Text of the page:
While considering the question that Prof. Gaily proposed this week, I came to the realization that I was not fond of many of the research works I had to read throughout my academic career. There are new forms of knowledge distribution that I have enjoyed, TEDTalks, RSA (and RSA animate) videos, speeches made by Sir. Ken Robinson, but I could not think of an example in written form.
If I had to list one author who’s research works I admired, it would have to be Michael Crichton. I was, and still am, an avid fan of his novels, all of which come complete with an impressive reference section at the end. I enjoyed his work because it was interesting and fun to read. One moment I’m taken into a story about interdimensional travel, the next he would use the double slit experiment to explain the properties of electrons, in a way that I (as a 15 year old at the time) could understand. I think with a lot of academic writing there is limited consideration for the audience. Yes many of these works are created for academics already well versed in the subject matter, but as students we too find ourselves needing to access these works. I am not saying that academic writing should be dumbed down to a grade 5 reading level, such as newspapers, but I do feel that choice of language being used is done so to force readers to slow down and invest their attention rather than conveying information concisely. When information is made easily accessible, it is more likely to be consumed by a greater audience (see, Malcolm Gladwell, Brian Greene).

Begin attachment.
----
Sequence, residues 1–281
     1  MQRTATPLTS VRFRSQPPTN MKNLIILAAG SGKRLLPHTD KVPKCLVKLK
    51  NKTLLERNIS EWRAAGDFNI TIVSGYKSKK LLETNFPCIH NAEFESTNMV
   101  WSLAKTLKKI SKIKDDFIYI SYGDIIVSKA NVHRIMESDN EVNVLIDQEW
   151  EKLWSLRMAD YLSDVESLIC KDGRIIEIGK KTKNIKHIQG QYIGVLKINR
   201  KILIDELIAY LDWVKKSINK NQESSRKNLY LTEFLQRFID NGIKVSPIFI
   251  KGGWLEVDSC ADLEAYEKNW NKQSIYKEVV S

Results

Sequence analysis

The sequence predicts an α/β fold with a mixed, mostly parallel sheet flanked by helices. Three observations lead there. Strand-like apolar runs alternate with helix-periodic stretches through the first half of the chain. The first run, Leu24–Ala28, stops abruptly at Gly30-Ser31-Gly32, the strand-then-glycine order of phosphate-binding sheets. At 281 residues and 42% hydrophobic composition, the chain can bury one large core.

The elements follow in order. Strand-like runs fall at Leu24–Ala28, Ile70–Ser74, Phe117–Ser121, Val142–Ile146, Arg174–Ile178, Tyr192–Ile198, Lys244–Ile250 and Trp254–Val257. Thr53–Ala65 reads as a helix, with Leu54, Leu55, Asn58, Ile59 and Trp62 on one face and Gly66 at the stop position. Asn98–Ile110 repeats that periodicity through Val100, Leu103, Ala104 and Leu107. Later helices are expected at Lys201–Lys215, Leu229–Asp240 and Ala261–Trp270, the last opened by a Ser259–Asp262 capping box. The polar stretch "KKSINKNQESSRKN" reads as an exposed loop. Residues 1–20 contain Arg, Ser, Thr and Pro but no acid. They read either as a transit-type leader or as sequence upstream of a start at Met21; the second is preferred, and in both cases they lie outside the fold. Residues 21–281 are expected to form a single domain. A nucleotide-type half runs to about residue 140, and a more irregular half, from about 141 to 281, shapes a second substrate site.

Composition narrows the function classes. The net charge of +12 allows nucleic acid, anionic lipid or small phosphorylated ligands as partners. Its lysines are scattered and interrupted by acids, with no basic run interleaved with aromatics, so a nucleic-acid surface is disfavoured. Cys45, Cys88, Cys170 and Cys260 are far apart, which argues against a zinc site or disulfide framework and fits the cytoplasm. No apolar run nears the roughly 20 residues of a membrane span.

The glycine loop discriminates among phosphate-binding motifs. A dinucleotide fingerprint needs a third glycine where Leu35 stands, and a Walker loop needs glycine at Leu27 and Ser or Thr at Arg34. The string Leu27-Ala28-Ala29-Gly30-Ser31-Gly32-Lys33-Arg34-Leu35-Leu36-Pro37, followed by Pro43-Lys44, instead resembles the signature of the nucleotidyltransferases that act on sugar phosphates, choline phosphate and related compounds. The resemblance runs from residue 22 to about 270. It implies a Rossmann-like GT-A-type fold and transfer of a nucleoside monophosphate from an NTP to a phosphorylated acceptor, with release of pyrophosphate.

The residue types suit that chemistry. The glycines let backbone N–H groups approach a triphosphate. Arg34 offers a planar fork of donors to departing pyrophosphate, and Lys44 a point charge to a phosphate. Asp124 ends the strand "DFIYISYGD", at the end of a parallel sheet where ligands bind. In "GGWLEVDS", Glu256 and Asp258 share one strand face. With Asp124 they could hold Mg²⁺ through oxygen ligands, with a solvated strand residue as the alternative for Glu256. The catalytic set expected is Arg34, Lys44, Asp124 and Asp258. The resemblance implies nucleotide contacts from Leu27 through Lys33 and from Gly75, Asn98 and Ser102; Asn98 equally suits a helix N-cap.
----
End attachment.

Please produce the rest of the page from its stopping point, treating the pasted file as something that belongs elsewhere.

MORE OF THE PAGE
Liz (and others) have pointed out that to be a good writer, you should also spend time reading. This reminded me of another influence of mine, Groucho Marx, who as a child would lock himself in the bathroom so that he could read. It was through his practice of reading that he was able to develop his brilliant wit. “Well I thought my razor was dull until I heard his speech, and that reminds me of a story that’s so dirty I’m ashamed to think of it myself.” (McLeod, 1932)
Conte, C., Leaf, D., Merwald, F., White, D.[Producer] & Leaf, D., Scheinfeld, J. [Director]. (2002) Unknown Marx Bros. [Motion Picture]. USA. Paradox.
Crichton, M. (1999). Timeline. USA: Fredrick
McLeod, N. [Director]. (1932) Horse Feathers. [Motion Picture]. USA. Paramount Pictures.